All patients had a significant allergology history: atopy in five, penicillin allergy in four, additional drug allergy in three, and contact dermatitis in three patients. However, none of the patients had a documented allergy to substances regarded as potentially predisposing to mRNA vaccines, such as latex, polyethylene glycol, polyoxyl castor oil, or polysorbate. Angioedema and anaphylaxis were reported in three patients. It is noteworthy that the Italian guidelines on the allergology screening for patients with a history of asthma and allergy were released quite after the first dose of the vaccine had been performed [6], and the decision whether to administrate dose two had to be individualized. Priority to the broad vaccination coverage of the health care community was recognized in the midst of the pandemic. It should be considered that Nuoro has been the second city in Sardinia for the number of COVID-19 cases, with a high percentage of health care workers severely affected.
As regards presentation of skin adverse events, and timing, no injection site reactions were observed. After the first dose, two patients did not manifest any reaction, three patients noted late-onset widespread pruritus, and one showed mild transitory facial erythema, not requiring intervention. In the remaining three patients, a maculopapular rash developed 48 h after injection. Allergology consulting excluded administration of the second dose in the latter three patients, while the risk for the other six patients was considered low and the vaccination was completed. One patient experienced glottis edema, within the observation timing at the vaccination hub, receiving epinephrine, but with fast and complete recovery. The other five patients, 24–48 h after injection, developed facial erythematous edema and widespread itching maculo-papular lesions (Figure 1), Mild general malaise, with muscle weakness and migrating arthralgias but not fever, was also reported. Treatment consisted of oral antihistamines and a short course of systemic steroids.

3. Discussion

As dermatologists, we are actively committed to supporting the Vaccine Adverse Event Reporting System (VAERS) and enhancing continuous safety monitoring [7]. Severe allergic reactions to vaccines are rare but can be life threatening. The BNT162b2 vaccine is based on lipid nanoparticles and other substances to enable transport of messenger RNA (mRNA) molecules into the cells, which can be potential allergens. In Pfizer-BioNTech COVID-19 vaccine approval clinical trials, injection site pain was frequently reported (84.1% of recipients), followed by swelling (10.5%) and erythema (9.5%) [2]. The McMahon et al. registry documented delayed large local reactions, followed by local injection site reactions and several manifestations that mimicked SARS-CoV-2 infection itself, such as pernio/chilblains, urticarial eruptions, and morbilliform eruptions [3]. Less commonly described reactions included cosmetic filler reactions, zoster, herpes simplex flares, and pityriasis rosea-like reactions. Unfortunately, the study did not report the number of vaccinated individuals among which the 414 patients developed the skin manifestations. Nor did it allow a real evaluation of the differences between the two vaccines, as the relative safety of Pfizer in respect to Moderna reactions might depend on a less extensive use of the Pfizer vaccine in the United States.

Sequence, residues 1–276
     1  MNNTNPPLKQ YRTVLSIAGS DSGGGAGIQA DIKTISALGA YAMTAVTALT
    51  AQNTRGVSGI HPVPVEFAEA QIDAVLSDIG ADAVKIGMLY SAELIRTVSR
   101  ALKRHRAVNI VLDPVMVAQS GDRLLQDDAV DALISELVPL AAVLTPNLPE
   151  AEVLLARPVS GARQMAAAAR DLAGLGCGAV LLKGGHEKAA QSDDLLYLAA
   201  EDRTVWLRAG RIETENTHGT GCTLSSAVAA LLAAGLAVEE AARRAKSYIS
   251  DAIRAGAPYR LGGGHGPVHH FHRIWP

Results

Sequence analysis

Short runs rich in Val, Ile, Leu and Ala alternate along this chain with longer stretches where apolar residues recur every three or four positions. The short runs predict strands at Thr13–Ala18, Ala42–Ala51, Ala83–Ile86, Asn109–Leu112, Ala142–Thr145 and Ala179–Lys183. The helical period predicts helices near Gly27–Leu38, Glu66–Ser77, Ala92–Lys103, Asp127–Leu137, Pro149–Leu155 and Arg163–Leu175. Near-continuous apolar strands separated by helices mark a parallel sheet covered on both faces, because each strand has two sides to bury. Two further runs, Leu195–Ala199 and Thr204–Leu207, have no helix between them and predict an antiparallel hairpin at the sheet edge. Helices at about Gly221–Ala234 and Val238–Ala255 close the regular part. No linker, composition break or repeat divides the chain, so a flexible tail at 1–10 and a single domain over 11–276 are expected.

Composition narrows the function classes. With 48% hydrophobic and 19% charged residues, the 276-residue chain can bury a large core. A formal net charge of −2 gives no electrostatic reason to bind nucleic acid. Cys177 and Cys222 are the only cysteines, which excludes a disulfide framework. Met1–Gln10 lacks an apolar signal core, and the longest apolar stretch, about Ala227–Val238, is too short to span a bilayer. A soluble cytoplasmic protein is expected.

Our experience confirms that Pfizer-BioNTech vaccine skin reactions are uncommon (0.5%) but suggests implementing allergology screening and prophylaxis measures, not to undervalue delayed skin reactions. Clinical trials and post-marketing experience focus on anaphylactic reactions that occurred within a 30 min observation window, and patients were treated immediately with complete resolution of symptoms [2,8]. However, only one of our patients developed anaphylaxis while on the vaccination hub. All other patients had delayed reactions. The health care workers involved in this Italian vaccination program were carefully informed and had specific knowledge of adverse reaction occurrence, allowing prompt recognition and treatment, including self-medication, which might be not the case with the general population, alone at home after the vaccination procedure.